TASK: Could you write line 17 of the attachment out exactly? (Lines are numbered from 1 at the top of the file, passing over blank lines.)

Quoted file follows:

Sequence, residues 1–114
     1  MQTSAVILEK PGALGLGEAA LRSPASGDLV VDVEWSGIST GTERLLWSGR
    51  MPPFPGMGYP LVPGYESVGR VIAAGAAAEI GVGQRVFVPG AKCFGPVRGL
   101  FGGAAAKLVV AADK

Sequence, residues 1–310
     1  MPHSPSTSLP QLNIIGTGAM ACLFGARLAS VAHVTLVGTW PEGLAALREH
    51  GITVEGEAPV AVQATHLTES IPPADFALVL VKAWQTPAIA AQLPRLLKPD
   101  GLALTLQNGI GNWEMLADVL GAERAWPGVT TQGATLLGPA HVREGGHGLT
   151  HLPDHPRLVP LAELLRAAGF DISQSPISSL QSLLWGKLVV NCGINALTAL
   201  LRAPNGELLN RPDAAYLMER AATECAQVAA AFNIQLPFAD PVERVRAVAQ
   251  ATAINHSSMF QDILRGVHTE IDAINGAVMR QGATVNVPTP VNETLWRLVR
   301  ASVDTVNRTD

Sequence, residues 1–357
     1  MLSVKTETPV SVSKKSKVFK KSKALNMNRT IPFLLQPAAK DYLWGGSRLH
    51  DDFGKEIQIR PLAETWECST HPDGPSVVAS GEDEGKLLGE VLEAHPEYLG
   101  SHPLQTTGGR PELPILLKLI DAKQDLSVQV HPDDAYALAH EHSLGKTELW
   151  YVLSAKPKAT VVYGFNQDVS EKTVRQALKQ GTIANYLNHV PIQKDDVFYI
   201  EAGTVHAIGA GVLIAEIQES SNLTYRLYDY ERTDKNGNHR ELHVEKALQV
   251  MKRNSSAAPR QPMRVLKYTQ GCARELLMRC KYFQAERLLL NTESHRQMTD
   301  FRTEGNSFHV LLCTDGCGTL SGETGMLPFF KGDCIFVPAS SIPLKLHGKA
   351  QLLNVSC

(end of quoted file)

   151  YVLSAKPKAT VVYGFNQDVS EKTVRQALKQ GTIANYLNHV PIQKDDVFYI